7. On small clusters

    International Nuclear Information System (INIS)

    Bernardes, N.

    1984-01-01

    A discussion is presented of zero-point motion effects on the binding energy of a small cluster of identical particles interacting through short range attractive-repulsive forces. The model is appropriate to a discussion of both Van der Waals as well as nuclear forces. (Author) [pt

  8. Small public private partnerships

    DEFF Research Database (Denmark)

    Koch, Christian; Jensen, Jesper Ole

    2009-01-01

    Public Private Partnerships (PPP) are frequently mobilized as a purchasing form suitable for large infrastructure projects. And it is commonly assumed that transaction costs linked to the establishment of PPP make them prohibitive in small sizes. In a Danish context this has been safeguarded by t...

  9. Research using small tokamaks

    International Nuclear Information System (INIS)

    1993-01-01

    This document consists of a collection of papers presented at the IAEA Technical Committee Meeting on Research Using Small Tokamaks. It contains 22 papers on a wide variety of research aspects, including diagnostics, design, transport, equilibrium, stability, and confinement. Some of these papers are devoted to other concepts (stellarators, compact tori). Refs, figs and tabs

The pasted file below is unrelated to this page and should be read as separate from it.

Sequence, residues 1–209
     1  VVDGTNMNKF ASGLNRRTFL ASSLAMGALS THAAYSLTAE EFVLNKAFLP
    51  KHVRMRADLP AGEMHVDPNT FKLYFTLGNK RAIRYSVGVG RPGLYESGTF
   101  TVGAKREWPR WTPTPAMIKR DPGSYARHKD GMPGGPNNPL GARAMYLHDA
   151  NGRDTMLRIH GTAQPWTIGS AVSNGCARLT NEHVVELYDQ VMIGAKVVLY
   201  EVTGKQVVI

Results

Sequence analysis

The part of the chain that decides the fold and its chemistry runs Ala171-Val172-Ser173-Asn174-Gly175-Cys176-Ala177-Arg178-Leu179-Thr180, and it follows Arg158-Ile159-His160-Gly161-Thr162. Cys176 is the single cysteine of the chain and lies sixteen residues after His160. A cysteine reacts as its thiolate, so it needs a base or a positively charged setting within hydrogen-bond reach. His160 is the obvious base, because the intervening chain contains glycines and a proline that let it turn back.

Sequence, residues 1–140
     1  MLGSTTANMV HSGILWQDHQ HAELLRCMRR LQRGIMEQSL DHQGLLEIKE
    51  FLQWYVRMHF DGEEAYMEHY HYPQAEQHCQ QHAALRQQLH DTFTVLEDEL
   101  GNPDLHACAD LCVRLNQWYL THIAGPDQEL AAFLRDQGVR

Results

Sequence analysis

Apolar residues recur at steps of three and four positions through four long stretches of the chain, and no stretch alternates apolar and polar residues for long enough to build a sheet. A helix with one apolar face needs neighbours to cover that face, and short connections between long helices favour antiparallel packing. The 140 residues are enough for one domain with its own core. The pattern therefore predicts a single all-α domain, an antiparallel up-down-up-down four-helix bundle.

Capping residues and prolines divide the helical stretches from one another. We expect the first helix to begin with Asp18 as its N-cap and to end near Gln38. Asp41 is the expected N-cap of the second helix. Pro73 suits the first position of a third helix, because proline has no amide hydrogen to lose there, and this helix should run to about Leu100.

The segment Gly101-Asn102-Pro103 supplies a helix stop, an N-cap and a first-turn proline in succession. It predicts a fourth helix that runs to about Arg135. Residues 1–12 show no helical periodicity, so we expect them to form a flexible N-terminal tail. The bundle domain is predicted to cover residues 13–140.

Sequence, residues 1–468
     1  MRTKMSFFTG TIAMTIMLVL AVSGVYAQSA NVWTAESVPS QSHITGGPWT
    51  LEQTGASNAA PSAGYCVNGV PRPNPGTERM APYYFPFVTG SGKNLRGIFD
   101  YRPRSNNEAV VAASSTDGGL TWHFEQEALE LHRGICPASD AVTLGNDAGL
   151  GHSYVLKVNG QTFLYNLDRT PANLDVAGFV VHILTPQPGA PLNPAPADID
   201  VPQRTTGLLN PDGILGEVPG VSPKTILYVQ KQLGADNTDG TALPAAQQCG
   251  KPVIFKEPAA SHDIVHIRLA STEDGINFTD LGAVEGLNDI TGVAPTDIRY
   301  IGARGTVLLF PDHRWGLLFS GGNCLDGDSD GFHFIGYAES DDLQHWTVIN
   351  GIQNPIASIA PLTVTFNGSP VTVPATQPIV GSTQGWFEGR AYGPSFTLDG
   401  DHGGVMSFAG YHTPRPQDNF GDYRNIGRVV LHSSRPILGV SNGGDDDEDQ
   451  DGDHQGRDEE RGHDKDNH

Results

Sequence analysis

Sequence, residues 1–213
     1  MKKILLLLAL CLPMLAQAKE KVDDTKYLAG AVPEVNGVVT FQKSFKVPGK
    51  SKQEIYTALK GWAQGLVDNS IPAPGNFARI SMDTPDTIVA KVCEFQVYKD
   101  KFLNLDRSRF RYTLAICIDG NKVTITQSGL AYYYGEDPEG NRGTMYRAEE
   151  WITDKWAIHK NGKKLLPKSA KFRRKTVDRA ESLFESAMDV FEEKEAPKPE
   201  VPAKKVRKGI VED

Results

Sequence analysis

10. Imaging the small bowel.

    LENUS (Irish Health Repository)

    Murphy, Kevin P

    2014-03-01

    Radiologic investigations continue to play a pivotal role in the diagnosis of pathologic conditions of the small intestine despite enhancement of capsule endoscopy and double-balloon endoscopy. Imaging techniques continue to evolve and new techniques in MRI in particular, are being developed.

  11. Small Group Research

    Science.gov (United States)

    McGrath, Joseph E.

    1978-01-01

    Summarizes research on small group processes by giving a comprehensive account of the types of variables primarily studied in the laboratory. These include group structure, group composition, group size, and group relations. Considers effects of power, leadership, conformity to social norms, and role relationships. (Author/AV)

  12. Small Schools, Real Gains.

    Science.gov (United States)

    Wasley, Patricia A.; Lear, Richard J.

    2001-01-01